Last year Greg Allen, our firm’s lead products liability lawyer, won a $5,250,000 judgment in an Alabama wrongful death case. In that case, our client’s sister was killed when the textile warper she was using at work pulled her into the rotating parts. The Defendants’ insurance company, which is incorporated in Sweden, refused to pay the judgment against the Defendants. The company claimed that its insurance policy did not cover punitive damages. In Alabama, the sole remedy for wrongful death is the awarding of punitive damages. The insurance company in Greg’s case moved to dismiss the case, arguing a lack of personal jurisdiction and said that the insurance policy’s forum selection clause prevented the Plaintiff from bringing the suit anywhere but in Sweden.

U.S. District Court Judge Keith Watkins, who sits in the Middle District of Alabama, issued an order denying the motion to dismiss under both the personal jurisdiction and forum selection clause arguments. Judge Watkins reasoned that since the insurance policy contained a territory of coverage clause that included Alabama, the Swedish insurance company specifically contracted to be brought into court in Alabama. Further, Judge Watkins reasoned that the forum selection clause requiring the Plaintiff to bring the action in Sweden was unenforceable. He said the forum selection clause would effectively deprive the Plaintiff of any remedy since the sole remedy under Alabama’s Wrongful Death Act is the recovery of punitive damages. Judge said in his ruling that “Alabama has a strong public policy interest in preventing insurance companies from enforcing a policy’s punitive damages exclusion for claims brought under the Alabama Wrongful Death Act.” He concluded that enforcing the forum selection clause would allow an insurance company that contracted to litigate in Alabama to evade Alabama’s Wrongful Death Act by letting a Swedish court apply Swedish law instead of Alabama law.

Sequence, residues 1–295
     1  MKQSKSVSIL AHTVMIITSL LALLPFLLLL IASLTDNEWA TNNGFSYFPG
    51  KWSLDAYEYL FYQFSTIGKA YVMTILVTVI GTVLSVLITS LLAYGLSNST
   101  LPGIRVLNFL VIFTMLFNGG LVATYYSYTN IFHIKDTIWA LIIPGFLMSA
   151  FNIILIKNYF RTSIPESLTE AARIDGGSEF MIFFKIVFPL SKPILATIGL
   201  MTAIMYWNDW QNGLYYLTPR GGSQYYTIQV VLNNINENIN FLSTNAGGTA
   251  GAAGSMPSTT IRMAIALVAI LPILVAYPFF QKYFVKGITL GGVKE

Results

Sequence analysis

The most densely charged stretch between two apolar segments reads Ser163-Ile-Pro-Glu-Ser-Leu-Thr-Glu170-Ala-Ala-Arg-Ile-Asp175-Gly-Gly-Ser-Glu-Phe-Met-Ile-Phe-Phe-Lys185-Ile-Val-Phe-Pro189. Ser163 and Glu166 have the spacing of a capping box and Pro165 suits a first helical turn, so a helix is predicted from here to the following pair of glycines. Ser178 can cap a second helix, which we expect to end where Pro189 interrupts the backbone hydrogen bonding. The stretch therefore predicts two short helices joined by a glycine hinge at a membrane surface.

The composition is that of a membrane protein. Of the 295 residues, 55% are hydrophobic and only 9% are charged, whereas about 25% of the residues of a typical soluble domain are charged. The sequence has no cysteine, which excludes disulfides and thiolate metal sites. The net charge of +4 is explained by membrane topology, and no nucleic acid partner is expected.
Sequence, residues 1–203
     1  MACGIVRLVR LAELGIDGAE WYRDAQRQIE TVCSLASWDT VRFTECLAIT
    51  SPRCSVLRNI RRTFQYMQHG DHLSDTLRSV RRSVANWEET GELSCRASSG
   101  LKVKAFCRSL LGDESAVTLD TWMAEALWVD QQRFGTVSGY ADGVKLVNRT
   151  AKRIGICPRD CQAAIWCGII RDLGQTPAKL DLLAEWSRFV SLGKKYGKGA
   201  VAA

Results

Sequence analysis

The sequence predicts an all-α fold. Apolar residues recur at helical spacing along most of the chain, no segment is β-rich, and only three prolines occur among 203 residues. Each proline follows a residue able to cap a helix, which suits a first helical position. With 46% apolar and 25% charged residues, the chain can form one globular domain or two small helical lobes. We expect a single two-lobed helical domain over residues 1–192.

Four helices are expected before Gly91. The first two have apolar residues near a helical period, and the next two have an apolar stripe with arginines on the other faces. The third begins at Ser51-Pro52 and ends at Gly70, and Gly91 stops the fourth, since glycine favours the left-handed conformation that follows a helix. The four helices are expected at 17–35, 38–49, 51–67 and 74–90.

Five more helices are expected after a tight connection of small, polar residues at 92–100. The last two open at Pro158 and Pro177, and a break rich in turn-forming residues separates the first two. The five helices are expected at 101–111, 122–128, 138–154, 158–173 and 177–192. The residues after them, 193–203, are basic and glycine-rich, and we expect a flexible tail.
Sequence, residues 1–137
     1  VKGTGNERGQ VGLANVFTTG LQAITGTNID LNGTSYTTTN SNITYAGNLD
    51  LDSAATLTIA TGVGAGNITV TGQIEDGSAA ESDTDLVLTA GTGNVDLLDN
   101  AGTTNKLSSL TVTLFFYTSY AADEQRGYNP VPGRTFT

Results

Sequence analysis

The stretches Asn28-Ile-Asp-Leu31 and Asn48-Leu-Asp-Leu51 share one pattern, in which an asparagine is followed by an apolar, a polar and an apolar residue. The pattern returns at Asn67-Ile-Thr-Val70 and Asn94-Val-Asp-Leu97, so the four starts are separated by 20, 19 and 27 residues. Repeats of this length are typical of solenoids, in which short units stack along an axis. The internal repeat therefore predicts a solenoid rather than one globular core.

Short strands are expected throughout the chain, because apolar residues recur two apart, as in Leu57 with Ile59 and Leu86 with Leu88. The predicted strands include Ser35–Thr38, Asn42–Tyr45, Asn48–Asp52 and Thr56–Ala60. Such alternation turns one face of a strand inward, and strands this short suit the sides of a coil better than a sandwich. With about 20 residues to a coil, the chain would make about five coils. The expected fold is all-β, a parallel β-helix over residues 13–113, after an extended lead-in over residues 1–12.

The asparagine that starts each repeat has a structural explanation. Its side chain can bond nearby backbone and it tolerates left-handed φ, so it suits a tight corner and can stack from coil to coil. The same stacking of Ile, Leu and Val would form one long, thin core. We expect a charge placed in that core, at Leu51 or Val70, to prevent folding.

Alabama is the only jurisdiction in the country that does not compensate the survivor for the wrongful death of the decedent. If an insurance company was allowed to exclude punitive damages in death cases, that would effectively make it cheaper for companies insured by the insurer to manufacture products that kill people rather than simply injuring them.

Lawyers in our firm have handled hundreds of these cases under Alabama’s unique Wrongful Death Act since the firm was founded in 1979. If you would like additional information on anything relating to Greg’s case or concerning Alabama’s Wrongful Death Act, please contact Stephanie Stephens Monplaisir, a lawyer in our firm’s Personal Injury section, at 800-898-2034 or by email at Stephanie.Stephens@beasleyallen.com.

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